The Wichita State wrestling team started as an idea between two engineering students and grew into a national champion.
“It was pretty unexpected. This is something that was just thrown together with guys on our campus, and we found this success that we didn’t really expect,” coach Paul Myers said. “We knew we were good, but we didn’t know how good.”
The program competes on the club level. Like bowling, it is not part of the WSU athletic department and receives funding from student goverment. Workouts and matches are at the Heskett Center, and the team competes with similar programs regionally and competes in the National Collegiate Wrestling Association.
The wrestlers traveled to Daytona Beach, Fla., to compete in the Division II class in the NCWA meet. WSU beat the field, including conference rival Northwest Missouri State.
“We lost to them (Northwest Missouri State), took second in conference,” Myers said. “Then going into nationals, I knew that our team had the ability to peak at the right time at the national tournament, and they absolutely did that.”
WSU qualified eight wrestlers, and Pat Mosley and Aaron Hynick were named All-Americans.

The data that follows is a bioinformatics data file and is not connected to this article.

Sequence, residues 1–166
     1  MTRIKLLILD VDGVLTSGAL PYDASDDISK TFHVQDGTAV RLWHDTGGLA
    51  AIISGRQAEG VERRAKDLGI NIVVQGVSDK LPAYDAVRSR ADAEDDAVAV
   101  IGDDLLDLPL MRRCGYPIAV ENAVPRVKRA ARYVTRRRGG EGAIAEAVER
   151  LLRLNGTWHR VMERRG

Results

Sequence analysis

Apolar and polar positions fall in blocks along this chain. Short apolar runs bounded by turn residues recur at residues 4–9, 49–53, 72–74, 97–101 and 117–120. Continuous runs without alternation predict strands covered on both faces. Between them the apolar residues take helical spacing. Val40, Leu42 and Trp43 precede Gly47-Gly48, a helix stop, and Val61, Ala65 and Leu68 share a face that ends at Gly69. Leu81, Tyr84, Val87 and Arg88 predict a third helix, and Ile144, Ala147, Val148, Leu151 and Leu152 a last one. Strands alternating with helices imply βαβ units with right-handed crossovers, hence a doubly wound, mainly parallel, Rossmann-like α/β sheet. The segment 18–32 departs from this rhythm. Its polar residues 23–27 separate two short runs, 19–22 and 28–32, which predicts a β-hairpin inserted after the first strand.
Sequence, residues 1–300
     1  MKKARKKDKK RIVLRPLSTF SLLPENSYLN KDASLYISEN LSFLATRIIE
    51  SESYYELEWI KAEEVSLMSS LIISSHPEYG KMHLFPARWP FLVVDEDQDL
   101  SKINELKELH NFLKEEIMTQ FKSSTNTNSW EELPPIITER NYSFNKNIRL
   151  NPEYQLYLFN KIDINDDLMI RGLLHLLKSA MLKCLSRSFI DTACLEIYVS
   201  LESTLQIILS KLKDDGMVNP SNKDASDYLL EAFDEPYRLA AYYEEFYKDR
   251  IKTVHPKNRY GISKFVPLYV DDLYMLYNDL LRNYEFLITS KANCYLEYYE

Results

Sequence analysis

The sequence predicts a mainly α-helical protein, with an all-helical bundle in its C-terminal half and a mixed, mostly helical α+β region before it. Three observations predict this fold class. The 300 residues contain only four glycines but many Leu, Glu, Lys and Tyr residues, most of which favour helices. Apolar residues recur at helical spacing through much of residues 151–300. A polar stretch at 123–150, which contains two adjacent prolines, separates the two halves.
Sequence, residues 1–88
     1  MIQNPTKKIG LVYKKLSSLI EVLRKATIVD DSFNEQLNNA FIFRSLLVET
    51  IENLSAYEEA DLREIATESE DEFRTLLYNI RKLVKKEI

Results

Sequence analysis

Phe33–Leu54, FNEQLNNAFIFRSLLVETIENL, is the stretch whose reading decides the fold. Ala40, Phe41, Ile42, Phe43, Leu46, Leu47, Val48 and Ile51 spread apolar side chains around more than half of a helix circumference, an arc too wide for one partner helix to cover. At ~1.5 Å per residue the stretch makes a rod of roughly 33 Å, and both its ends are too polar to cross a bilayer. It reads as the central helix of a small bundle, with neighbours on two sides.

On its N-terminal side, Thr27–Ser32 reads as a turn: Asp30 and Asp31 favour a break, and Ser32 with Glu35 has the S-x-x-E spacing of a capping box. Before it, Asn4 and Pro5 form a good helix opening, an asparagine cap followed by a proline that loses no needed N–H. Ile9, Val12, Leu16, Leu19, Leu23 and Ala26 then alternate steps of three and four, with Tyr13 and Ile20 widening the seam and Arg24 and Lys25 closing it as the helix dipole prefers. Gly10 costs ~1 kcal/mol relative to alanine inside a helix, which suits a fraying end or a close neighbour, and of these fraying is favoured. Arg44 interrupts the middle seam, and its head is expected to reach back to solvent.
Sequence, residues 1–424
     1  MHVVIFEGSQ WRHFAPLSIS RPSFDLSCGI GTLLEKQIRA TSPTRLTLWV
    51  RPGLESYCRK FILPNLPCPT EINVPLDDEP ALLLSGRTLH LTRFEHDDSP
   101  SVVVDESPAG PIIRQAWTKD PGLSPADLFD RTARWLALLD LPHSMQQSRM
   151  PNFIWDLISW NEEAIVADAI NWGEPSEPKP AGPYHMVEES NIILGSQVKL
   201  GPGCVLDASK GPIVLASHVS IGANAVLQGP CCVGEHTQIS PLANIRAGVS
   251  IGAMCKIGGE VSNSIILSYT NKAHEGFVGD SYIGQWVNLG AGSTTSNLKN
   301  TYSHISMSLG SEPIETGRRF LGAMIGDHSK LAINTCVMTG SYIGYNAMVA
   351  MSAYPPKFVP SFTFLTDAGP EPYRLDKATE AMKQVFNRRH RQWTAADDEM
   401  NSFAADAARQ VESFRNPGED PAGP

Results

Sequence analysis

“Really as far as winning the national title for us, it was a total team effort, but our two All-Americans really pulled through for us, scored a lot of team points,” team co-captain Nick Thomas said. “If it wouldn’t have been for them, it would have been very tough to win the national championship.”
Myers, a former high school state champ at West who coaches on a volunteer basis, was named his division’s national coach of the year.
“It was sweet. Of course with any sport, a lot of blood, sweat, and tears gets put into it,” Myers said. “Once I got the award it was surreal, it really didn’t set in, it still hasn’t. Everyone else is pretty excited, and it’s a national award, so I never really imagined being in that situation.”
Thomas teamed up with friend Dusty Greer as captains and founders of the team. The two created the WSU wrestling team on an idea that stemmed from a mutual desire to get back into the sport, which both competed in throughout high school. They found a coach in Myers, who plans on bolstering the roster and competing in a higher division next year.
“It’s a really big deal, because we had a lot of people tell us that we were crazy, that we couldn’t do it,” Greer said. “Just to be able to put that effort in and for it to pay off is just so hard to describe.”
A WSU wrestling team had come and gone over the years. Myers said this is the first it was taken care of.
“I think that since it was just started on an idea, it’s kind of snowballed into something that’s bigger than we imagined,” Myers said. “Right now we just want to give young men the opportunity to be successful, while continuing their wrestling career.”